Time for council boundary choice to get undivided attention
IT'S generally a good idea to give controversial ideas a second look.
It can keep you from sleeping on the couch, which is how the region's rural residents' relationship with the council seems to have gone.
In short, they feel like they've been given the cold shoulder; a Cinderella whose fairy got drunk and forgot to show up and is now relegated to watching from the sidelines in a beloved but well-worn shawl while the cool city kids party in flash new clothes.
Mayor Mick Curran understandably refutes this, pointing to the council's work upgrading bridges and sealing roads as evidence that rural areas get their fair share.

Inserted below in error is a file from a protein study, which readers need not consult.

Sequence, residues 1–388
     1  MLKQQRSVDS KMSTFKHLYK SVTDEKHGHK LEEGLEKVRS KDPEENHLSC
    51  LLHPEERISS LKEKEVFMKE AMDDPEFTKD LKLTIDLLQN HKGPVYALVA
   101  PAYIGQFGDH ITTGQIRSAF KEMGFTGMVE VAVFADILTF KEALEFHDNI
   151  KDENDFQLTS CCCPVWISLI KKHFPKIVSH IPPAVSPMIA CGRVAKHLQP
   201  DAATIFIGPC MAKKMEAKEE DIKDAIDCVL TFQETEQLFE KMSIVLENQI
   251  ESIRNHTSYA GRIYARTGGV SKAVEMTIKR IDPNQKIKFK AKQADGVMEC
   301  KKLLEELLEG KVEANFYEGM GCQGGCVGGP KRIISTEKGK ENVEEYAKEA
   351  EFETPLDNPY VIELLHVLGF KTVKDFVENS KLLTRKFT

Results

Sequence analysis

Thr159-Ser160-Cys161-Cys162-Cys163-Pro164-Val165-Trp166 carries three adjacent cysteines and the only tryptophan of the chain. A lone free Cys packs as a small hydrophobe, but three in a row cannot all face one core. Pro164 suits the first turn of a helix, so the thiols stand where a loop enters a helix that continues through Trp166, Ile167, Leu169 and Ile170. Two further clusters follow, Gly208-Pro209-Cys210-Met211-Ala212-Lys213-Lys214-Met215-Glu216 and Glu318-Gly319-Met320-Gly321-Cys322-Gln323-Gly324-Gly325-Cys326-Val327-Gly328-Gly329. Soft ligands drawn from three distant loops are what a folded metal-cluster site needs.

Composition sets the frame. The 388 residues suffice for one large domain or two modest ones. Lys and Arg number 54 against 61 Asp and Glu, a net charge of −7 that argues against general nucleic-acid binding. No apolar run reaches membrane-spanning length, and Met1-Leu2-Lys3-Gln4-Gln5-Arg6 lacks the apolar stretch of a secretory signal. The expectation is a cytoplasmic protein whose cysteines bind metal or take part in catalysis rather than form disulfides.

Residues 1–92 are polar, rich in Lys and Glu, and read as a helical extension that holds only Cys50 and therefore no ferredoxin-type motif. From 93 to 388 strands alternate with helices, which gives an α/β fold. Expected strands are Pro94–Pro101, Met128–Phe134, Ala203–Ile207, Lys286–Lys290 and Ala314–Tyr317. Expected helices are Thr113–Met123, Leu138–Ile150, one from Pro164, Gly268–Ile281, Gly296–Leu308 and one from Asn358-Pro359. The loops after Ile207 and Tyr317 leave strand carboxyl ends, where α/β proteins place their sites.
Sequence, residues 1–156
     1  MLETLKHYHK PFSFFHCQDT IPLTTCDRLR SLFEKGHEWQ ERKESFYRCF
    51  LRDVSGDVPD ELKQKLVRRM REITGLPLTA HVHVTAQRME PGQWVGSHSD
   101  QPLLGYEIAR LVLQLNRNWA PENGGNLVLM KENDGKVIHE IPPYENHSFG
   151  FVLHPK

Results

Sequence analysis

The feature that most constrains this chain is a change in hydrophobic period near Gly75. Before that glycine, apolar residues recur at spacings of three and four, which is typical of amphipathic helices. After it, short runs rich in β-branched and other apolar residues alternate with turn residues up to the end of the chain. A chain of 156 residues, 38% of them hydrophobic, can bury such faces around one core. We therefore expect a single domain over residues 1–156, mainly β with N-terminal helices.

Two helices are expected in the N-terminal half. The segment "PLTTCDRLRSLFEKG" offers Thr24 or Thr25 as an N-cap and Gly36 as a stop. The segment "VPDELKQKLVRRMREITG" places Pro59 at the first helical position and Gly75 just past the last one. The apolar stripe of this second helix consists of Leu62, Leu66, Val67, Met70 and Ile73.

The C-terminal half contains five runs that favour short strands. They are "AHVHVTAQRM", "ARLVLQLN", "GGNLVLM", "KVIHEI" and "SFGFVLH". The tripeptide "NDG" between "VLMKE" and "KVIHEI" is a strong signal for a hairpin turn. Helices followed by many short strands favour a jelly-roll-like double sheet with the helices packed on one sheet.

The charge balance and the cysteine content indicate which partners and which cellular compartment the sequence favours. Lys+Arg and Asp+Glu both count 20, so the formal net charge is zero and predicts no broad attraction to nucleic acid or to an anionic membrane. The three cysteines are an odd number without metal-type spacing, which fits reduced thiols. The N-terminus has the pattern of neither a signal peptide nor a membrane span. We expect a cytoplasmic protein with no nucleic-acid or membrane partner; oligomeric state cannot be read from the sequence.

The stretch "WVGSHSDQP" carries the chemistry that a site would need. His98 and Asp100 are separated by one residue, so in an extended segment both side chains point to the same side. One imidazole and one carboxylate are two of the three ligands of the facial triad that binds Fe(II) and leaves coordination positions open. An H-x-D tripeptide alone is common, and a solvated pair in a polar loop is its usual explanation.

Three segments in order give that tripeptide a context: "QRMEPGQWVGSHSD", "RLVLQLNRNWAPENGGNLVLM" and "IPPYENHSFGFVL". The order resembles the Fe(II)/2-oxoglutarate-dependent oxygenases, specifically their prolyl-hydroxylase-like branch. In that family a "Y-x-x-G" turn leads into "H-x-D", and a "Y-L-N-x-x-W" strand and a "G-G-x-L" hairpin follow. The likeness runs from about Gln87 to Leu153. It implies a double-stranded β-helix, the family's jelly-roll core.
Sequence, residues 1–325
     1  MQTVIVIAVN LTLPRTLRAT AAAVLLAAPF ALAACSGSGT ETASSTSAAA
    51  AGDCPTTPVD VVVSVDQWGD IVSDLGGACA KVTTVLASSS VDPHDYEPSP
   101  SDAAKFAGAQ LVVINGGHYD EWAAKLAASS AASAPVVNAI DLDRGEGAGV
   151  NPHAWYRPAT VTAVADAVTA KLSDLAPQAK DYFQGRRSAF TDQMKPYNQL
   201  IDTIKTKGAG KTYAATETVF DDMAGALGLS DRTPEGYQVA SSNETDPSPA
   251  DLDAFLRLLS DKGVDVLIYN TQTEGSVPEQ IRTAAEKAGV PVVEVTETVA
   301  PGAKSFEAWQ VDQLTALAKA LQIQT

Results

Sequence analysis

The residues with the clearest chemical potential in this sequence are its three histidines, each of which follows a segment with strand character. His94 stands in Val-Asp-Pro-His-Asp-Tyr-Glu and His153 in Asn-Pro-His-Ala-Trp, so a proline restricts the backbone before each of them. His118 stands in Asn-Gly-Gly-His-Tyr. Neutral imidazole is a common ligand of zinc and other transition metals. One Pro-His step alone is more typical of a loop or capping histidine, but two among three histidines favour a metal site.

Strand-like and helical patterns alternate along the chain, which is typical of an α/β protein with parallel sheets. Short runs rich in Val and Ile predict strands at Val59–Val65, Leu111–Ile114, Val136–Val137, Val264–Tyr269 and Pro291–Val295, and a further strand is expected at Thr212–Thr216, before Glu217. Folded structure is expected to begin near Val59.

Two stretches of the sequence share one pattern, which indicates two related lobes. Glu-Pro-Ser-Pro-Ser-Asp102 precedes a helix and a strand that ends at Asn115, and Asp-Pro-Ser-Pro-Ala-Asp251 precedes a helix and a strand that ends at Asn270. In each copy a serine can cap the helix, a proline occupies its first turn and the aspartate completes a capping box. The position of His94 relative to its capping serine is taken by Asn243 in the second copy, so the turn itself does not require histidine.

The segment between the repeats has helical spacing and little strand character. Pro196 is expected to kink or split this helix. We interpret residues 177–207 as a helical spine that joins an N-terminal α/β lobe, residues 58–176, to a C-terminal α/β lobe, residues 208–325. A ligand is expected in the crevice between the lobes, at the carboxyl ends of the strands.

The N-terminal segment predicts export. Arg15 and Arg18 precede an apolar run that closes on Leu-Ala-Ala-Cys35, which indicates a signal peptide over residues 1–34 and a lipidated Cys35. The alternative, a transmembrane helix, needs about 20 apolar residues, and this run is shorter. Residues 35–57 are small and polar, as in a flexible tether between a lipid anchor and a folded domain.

It doesn't cancel out the phone calls, letters and comments from rural residents saying otherwise, though.
We don't know if rejigging or removing divisions would fix this. But it's worth a look.
In 2008, it seems there wasn't time to choose. Undivided was the easy answer.
The council had time in 2010 and 2011, but bungled it in new and interesting ways and forced the state to step in.
Interestingly, in 2011 the council didn't want change and voters did. Fast forward to 2018, and that's flipped.
Perhaps it's time to learn if we can prove the Rolling Stones wrong and get what we want.
And maybe finally bring the council in off the couch.